Has the bottom fallen from the job market? This is what the latest ANZ data for May looks like.
As the next graph shows, the number of job advertisements in May fell by 8.4 percent. That's a lot for a series that's usually very stable.
It's scary-looking data, but ANZ, which collects the data, has some explanations for why they look so bad. They accuse Easter (which fell in April) and the elections. Apparently, the numbers jumped back in the last week of the month.
"When the last week of May is over, job ads will recover strongly in June," said David Plank, director of the Australian Economic Department at ANZ.
But it would have to be an extreme upswing to eradicate such a sharp decline in May. The May decline is the largest one-month decline since January 2010, and in 2010 the overall trend was positive. Now the trend is on the decline, and a sharp fall in May is not likely to be a slip-up, as it's related to many other things we know about the Australian economy.
After all, the Reserve Bank was only forced to cut interest rates to record lows. They do that because the economy is bad, not because it works well. Economic growth has been miserable lately – below 2 percent last year. Wage growth is only 2.4 percent, and if inflation were not so low, wages would decline in real terms. The situation is so bad, and the latest job advertisements confirm this statement.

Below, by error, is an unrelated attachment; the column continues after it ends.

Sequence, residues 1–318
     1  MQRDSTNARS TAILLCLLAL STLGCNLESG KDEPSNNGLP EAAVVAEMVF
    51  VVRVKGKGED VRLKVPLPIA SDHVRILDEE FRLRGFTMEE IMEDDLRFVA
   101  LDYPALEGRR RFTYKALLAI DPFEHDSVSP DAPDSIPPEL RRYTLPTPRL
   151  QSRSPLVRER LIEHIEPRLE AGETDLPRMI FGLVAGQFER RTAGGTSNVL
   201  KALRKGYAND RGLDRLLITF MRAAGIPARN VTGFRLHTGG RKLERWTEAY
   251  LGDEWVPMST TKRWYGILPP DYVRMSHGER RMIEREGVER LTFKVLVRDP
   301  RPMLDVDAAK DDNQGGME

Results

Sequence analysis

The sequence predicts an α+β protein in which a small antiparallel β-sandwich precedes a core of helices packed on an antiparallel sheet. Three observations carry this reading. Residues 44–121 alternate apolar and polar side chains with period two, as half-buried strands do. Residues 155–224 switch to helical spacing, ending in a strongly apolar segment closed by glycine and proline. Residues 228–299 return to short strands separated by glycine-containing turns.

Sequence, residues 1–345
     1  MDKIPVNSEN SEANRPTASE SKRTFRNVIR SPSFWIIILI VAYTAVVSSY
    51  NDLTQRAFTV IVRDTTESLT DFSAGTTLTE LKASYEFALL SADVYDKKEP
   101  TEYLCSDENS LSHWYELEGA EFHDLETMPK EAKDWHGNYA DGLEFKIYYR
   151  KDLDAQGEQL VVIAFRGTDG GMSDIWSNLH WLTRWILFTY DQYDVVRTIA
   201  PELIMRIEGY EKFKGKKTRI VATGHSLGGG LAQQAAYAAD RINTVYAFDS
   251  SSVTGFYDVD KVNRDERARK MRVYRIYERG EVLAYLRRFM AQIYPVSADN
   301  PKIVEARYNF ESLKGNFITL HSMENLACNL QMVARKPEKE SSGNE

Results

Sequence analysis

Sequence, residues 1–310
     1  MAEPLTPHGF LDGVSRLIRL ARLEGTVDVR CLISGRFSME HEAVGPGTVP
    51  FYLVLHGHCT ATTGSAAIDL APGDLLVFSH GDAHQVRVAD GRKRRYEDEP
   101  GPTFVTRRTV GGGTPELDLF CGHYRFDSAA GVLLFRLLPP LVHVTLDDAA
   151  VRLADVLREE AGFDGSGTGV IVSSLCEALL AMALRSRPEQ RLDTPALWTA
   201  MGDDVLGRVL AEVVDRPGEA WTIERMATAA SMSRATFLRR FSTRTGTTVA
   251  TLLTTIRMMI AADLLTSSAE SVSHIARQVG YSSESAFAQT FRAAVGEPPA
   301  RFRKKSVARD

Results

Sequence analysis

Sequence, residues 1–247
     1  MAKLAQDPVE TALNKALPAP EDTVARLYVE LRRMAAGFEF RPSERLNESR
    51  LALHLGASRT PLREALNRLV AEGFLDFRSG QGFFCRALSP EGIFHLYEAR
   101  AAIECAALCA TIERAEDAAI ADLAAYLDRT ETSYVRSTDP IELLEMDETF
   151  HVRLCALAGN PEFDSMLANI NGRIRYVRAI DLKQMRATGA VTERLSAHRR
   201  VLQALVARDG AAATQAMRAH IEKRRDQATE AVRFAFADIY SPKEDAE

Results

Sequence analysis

However, the main reason for looking at the ANZ job advertisement row is to find out what clues it contains for the vital labor force data – the unemployment rate and the underemployment rate. Today, we're getting the latest labor market numbers and the signs from the ANZ job ad line indicate they will be bad.
Do you remember this year? Unemployment was the only bright spot in the Australian economy. For a long time it was getting better and even fell below 5 percent. But in March that changed. The unemployment rate rose in April to 5.1 percent and then to 5.2 percent, as the next graph shows.
The sharp drop in job vacancies can give us a little more assurance that the good times on the jobless market are behind us. This would confirm a general mood in the Australian economy. The retail sector is already in recession, according to the NAB economic survey. And the positive mood in the post-election real estate market also seems to be easing, and clearance rates have dropped again last weekend.
The RBA was concerned earlier this year about the "tension" that it saw between everything else in the economy, which was bad, and the job market, which it considered good. The latest data show that the tension has dropped completely. The job market is deteriorating significantly. (To be honest, it was never as good as they thought, they just did not pay enough attention to wages and underemployment.)
The RBA used this excitement as an excuse not to cut rates earlier. Recent developments in the labor market make this decision rather stupid. They want to cut interest rates before problems emerge, not because they take some time to make an impact. The RBA will probably spend the rest of the year looking up by lowering interest rates at least once more.
There is one way to remedy this situation, and the $ 1080 tax refund for middle-income people will come on the market later this year. That should give the economy a boost that she really needs and it will work fast. Will it be enough? It is time for the government to start spending more money in the economy and not worry about the surplus. The $ 1080 is just a start.
Jason Murphy is an economist. He is the author of the new book Incentivology. Continue the conversation @jasemurphy
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